I also saw Quicksand with Orange 9mm and someone else (H20?) at LoHo in Syracuse a couple years later and it was amazing.

All the folks on this blog have not only reminded me of some great music from back in the day, but have also introduced me to a lot of new (old) stuff I missed.

So, to everyone, many, many thanks.

And, if anyone is interested, I could upload some of the more obscure indie/math rock/post rock stuff I have sitting around. Although, with you people, it might not be so obscure.


10:06 PM  
Blogger proven hollow said...

i rememebr buying the first quicksand 7" and the verbal assault "on" 12" rouchly around the same time 89-90, possibly even on the same day? i remember listening to them right when they came out and thinking "man this shit is different, things are changing." i mean it all sounded like it was on some other level. like it was still kinda vaguely "hardcore" but to me both records sounded like they were leaning more on the "DC" side. dare i say "emotional."

on a side not, verbal assault "on" is an amazing album.

anyway, i remember slip coming out and i fereverishly ran to the record store to buy it and slap it in my car and i remember being severly dissapointed. all of my friends were way into jane's addiction at the time and i distictly remember me saying "this sounds like jane's addiction." haha...well minus the funk. anyway, it all just sounded too smoothed out. like the 7" had a heavier crunching sound and slip was just too, i dont know...mellow sounding? and no "TC3!" on ommision?! what the fuck!? anyway, obviously i grew to love it. and in a funny twist, it turned all of my janes addiction friends onto bands more in the "hardcore realm." i think i can actually say that without slip and my jane's addiction friends, my own bad would have never formed...haha. so therfore, slip rules! but that first 7" was better. except for the hypno jam.

also, when i saw quicksand after slip came out they all had long hair and bell bottoms. that could have been why it sounded more "mellow" haha.

11:12 PM  
Blogger apoxonbothyourhouses said...

hey all...

i adore quicksand. they took the whole "sounds like fugazi" thing to an entirely different level.

just wondering, though. i've been jonesin' for some Girls Against Boys and it's near impossible to find online.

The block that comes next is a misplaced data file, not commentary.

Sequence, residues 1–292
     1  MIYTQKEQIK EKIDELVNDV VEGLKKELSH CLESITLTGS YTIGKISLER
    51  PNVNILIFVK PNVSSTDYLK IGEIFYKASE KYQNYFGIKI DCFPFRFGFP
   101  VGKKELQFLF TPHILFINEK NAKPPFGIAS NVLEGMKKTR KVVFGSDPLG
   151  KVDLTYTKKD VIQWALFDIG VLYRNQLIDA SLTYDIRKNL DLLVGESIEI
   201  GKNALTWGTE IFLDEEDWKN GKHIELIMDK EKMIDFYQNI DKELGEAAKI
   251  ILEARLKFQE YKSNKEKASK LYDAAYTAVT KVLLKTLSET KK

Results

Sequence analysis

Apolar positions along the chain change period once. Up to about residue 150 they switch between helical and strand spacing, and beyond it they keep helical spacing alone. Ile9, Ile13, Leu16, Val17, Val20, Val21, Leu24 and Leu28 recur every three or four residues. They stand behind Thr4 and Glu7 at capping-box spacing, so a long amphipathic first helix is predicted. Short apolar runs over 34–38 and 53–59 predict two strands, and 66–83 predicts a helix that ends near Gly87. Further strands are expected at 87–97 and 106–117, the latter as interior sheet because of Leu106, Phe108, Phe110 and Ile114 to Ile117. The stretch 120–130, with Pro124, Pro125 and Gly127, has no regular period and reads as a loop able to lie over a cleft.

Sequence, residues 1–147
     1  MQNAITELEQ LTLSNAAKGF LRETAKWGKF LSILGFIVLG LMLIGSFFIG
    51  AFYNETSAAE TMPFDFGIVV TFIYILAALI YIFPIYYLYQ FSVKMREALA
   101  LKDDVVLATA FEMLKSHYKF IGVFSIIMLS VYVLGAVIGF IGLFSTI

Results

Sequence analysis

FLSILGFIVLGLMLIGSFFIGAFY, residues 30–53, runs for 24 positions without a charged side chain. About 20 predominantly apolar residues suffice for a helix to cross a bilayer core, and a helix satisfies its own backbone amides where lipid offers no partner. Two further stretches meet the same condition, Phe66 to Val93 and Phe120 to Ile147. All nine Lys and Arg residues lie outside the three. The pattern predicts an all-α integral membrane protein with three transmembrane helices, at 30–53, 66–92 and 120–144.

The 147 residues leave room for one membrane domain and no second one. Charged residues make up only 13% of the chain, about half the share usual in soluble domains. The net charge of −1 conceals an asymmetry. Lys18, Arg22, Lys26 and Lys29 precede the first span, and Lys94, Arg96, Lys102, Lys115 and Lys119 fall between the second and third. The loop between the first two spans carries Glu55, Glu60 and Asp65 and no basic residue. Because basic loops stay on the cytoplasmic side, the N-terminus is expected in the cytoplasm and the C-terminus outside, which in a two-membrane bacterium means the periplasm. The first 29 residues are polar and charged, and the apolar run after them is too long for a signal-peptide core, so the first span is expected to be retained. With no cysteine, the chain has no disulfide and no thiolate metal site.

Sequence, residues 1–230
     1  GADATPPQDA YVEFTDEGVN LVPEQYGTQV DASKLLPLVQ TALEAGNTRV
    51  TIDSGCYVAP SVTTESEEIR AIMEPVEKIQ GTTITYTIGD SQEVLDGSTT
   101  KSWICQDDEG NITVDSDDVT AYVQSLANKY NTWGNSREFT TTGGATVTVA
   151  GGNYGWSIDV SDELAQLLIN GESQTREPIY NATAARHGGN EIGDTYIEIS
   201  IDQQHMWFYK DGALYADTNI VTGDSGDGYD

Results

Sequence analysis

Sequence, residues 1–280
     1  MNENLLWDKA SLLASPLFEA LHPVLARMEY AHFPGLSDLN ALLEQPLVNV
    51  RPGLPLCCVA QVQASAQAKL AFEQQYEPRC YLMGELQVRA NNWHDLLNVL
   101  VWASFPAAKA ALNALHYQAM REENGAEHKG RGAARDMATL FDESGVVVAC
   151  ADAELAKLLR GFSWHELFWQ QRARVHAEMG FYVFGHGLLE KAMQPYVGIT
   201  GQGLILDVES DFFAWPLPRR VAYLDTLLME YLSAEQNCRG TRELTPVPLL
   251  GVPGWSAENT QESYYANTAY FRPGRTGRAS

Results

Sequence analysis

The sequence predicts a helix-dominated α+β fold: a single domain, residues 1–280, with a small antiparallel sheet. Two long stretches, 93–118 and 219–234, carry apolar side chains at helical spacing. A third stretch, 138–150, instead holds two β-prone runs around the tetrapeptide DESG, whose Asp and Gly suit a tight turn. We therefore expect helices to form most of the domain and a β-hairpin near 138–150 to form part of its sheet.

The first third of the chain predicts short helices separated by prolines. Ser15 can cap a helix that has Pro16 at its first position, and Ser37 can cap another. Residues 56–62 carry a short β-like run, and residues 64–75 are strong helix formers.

was wondering if anyone had any and wouldn't mind uploading.

love and hugs.

8:24 AM  
Blogger blend77 said...

Don Aman, I went to Fox Lane High School. I graduated in 1995.

my name is Tim, Im certain we knew each other. I was the skateboarder, with Joe and Henry and Fooch.

anytime you want to share something, feel free. if people have it they still might get excited and talk about it.

@ Proven, yes, the 7" had a crunchier sound. Clean Slate is easily one of the best Quicksand songs. Over time I learned to love the Slip versions of Omission and Unfulfilled, but the originals were great as well. Hypno Jam with Dan, wellllll, lets just all smile and nod our heads... ^_^

@ apox, I dont have any G vs B, but I do have some Rain and some Soul Side. ^_~

10:37 AM  
Blogger Terry said...

Great's always interesting to hear someone's musical er..."journey"....the monolithic walkman with 4 double A's with Overkill, King Diamond, Megadeth and Metallica made me laugh...I totally remember those days...If music could grab me the way it did back then I'd be pretty know, when you're walking along listening to some track on your cassette player, totally into it...and when something or someone interrupts you, you stop angrily and take the time to rewind back to the beginning of the song, especially if it was the nice little acoustic guitar or piano intro that metallica and megadeth used to do before launching into something that made you shit your pants...well, maybe I was nerdier than most...anyway, I checked this (Quicksand) out the first time you posted it, but after reading the post I've got to go give it another listen.

11:32 AM  
Anonymous Don, Aman said...

@apox - Here's some GVSB:

Venus Luxure No 1 Baby

Cruise Yourself

Sexy Sam EP

I don't post stuff that often, so let me know if anything got screwy with the files.

@Blend77 - Gabe. Class of '93. I think I DO remember you... but I've actually managed to forget a whole hell of a lot from back then. Though I am somewhat convinced one of your skater friends was really into cassettes and traded me his Jesus Lizard "Liar" CD for my cassette. Maybe not.

I'll try to post some other random indie stuff at some point...

4:21 PM  
Blogger blend77 said...

Gabe, I remember you. You wore glasses in high school, no? You were friends with Dave B., John Git, Rhys and few others whom I remember thinking were cool. I grew up over by Rhys. I havent thought of him in a long time.